How to determine if your Oilgear fuel pump is fit for service

Turbine Tip No. 4, contributed by PAL Turbine Services’ Owner/GM Dave Lucier, applies to General Electric Frame 5 models K, L, and LA. The focus here is on fuel pumps that are retained when the control system is upgraded.  

The fuel pump of choice on GE gas turbines following the Great Blackout of November 1965 was Oilgear model PVAZKM-054 (Fig 1). When users consider upgrading the control system on these 50-year-old gas turbines, prospective contractors often tell them that they can retain the existing fuel pump. This often is done one of two ways:

    • The Oilgear fuel pump can be modified to “fully stroke” it, such that a bypass valve can be installed to control fuel flow to the combustors. Since the existing flow divider from Roper Pump Co does not have speed pickups to measure fuel flow, that device must be replaced as well, so there is not much cost saving.

    • Remove the existing Young & Franklin fuel regulator, but retain the constant control oil (CCO) pump to maintain the 300-psig source working pressure. Then install a modern signal actuator with a control range of 4- to 20-milliamps input for 40- to 200-psig control signal output. In this case, the Oilgear fuel pump would continue to work as it had for the previous five decades with the same flow divider.

Note that in this article, the control signal is called VCO—for variable control oil pressure (Fig 2).

Fig 3 shows an indicator protruding from the bottom of the fuel pump (red arrow). It displays the pump stroke. From the GE control specifications in Fig 4, read the pump stroke for an unmodified unit: VCO = 40 to 200 psig results in total stroke of 0 to 0.320 in. The first 40 psig is referred to as the zero effective stroke.

To measure the pump stroke at turbine “cranking” speed (1000 rpm), a precision machinist’s rule is recommended, because a dial indicator often vibrates excessively. The confusing part of checking the pump stroke with a ruler is that the stroke indicator “disappears” upward into the pump, as the VCO pressure goes from 0 to 200 psig. Thus, you must take an initial reading of the exposed indicator and then again when selecting the MAX VCO on selector switch 43FS inside the turbine control panel.

PAL recently visited a plant to do a GEMAC replacement for a customer with an MS5001L engine. The team asked if they could first “crank” the gas turbine to take some readings regarding the fuel regulator, including maximum VCO. This is a typical test done to establish some primary adjustments and observe the fuel-pump stroke.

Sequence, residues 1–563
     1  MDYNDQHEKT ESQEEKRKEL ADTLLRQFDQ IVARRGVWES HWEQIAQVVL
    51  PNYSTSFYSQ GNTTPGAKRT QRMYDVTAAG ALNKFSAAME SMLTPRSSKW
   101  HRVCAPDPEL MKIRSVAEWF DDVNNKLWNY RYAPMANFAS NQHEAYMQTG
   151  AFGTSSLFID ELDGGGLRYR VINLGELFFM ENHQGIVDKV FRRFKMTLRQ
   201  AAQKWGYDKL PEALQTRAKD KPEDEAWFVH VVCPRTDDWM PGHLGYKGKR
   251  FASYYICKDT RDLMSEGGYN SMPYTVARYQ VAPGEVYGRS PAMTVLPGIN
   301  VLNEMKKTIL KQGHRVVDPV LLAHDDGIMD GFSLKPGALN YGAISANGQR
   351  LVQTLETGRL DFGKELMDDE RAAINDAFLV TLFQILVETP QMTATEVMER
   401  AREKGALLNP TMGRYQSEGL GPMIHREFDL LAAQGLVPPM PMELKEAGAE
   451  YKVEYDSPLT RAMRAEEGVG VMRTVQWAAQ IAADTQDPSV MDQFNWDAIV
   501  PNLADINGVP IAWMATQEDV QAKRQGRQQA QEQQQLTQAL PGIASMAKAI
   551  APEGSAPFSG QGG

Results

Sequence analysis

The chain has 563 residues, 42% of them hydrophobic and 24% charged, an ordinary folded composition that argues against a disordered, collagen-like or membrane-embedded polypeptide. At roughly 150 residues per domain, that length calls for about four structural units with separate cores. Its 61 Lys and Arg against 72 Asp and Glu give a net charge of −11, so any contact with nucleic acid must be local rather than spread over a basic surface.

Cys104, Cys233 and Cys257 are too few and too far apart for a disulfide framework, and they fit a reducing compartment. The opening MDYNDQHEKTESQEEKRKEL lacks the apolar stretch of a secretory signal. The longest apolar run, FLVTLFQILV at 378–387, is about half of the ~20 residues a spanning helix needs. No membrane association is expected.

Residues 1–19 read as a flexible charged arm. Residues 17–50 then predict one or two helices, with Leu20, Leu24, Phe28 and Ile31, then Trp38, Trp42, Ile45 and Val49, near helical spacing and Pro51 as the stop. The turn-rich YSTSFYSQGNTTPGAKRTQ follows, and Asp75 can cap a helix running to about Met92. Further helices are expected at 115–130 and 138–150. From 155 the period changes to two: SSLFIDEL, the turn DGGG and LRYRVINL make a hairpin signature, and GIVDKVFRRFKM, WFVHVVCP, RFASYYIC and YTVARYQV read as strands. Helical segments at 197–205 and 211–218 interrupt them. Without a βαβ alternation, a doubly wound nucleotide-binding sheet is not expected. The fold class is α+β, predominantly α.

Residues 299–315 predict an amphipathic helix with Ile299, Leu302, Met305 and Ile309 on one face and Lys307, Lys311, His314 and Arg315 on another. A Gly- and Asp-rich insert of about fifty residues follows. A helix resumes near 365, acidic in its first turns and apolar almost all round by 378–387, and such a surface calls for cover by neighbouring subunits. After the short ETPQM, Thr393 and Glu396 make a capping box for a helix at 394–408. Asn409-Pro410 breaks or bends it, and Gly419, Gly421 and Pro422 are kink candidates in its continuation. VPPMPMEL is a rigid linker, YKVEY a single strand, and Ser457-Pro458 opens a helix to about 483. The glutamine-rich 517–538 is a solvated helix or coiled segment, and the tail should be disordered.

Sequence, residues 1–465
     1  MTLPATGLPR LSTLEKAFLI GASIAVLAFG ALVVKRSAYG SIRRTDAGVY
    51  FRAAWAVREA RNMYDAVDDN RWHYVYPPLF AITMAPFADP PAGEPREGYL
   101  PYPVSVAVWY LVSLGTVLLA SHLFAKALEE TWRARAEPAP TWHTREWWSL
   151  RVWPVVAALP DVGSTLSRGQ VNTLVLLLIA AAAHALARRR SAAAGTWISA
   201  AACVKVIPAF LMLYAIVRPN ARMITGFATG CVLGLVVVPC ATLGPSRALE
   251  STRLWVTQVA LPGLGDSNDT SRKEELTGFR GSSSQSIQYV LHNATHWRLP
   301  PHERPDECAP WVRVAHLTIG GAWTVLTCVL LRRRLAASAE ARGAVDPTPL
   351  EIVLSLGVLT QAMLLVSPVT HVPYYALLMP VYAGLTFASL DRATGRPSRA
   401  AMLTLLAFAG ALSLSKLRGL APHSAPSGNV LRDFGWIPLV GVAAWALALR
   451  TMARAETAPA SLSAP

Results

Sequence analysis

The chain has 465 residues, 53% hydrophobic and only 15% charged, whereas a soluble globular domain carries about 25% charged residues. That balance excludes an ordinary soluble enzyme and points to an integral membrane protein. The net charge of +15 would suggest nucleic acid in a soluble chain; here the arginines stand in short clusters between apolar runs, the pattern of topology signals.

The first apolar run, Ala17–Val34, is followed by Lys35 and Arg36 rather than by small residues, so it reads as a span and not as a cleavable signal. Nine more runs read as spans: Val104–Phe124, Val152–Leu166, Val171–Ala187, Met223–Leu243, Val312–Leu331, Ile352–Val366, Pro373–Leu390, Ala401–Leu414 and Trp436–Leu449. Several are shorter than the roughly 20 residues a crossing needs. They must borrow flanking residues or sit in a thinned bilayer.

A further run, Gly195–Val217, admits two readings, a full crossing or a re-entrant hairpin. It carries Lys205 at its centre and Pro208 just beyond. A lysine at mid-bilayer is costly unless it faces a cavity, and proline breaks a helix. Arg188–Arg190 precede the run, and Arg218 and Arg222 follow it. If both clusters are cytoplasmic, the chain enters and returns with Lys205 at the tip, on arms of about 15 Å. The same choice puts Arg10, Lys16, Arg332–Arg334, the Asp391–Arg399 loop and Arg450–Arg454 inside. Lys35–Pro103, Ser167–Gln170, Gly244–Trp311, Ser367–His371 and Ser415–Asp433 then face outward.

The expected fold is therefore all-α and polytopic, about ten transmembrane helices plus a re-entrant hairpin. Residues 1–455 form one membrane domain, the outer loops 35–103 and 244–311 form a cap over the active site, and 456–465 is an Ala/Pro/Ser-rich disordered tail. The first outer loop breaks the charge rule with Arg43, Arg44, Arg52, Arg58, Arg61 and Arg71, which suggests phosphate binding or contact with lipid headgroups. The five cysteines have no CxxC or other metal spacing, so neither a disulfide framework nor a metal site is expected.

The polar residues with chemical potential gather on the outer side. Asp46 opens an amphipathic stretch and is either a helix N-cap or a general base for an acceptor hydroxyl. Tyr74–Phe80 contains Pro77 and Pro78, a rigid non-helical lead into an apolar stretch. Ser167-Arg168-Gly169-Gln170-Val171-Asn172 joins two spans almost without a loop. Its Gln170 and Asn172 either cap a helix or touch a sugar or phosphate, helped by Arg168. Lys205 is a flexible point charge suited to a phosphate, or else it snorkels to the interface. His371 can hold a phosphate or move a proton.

The owner/operator was told that PAL could measure fuel-pump stroke with a precision ruler that read in 1/32-in. increments. While cranking the turbine, it was observed that the pump-stroke indicator did not move upward into the pump body.

The PAL team ran the turbine up to 100% speed (FSNL), expecting a VCO pressure of about 80 to 85 psig, as indicated on the last line of the spec sheet in Fig 4. But it was 111 psig, much too high. Recall that fuel flow is a function of both pump speed and stroke. At constant speed (100% FSNL), therefore, an increase in VCO results in an increase in fuel flow (linear to VCO value).

To fully understand pump design, you must subtract 40 psig from pressure readings on the VCO gage. Thus, the expected reading was 80 – 40 = 40 effective VCO. In this case, 40 was subtracted from 111 to get 71 psig. Thus, it was taking far more pump stroke to run the turbine at rated speed than expected from the data in the GE control specifications. PAL’s conclusion: The pump was failing.

The team suggested that some of the pump’s 26 internal pistons likely were stuck in position and not pumping fuel. Disassembly and inspection revealed eight stuck pistons. The owner/operator agreed with PAL that the pump should be replaced with a rebuilt one.

The bottom line: A test is worth 1000 “expert” opinions. Test the Oilgear fuel pump at crank speed before you consider reusing the variable-displacement fuel pump following a control-system upgrade. Don’t assume it is operating correctly after 50 years of service.

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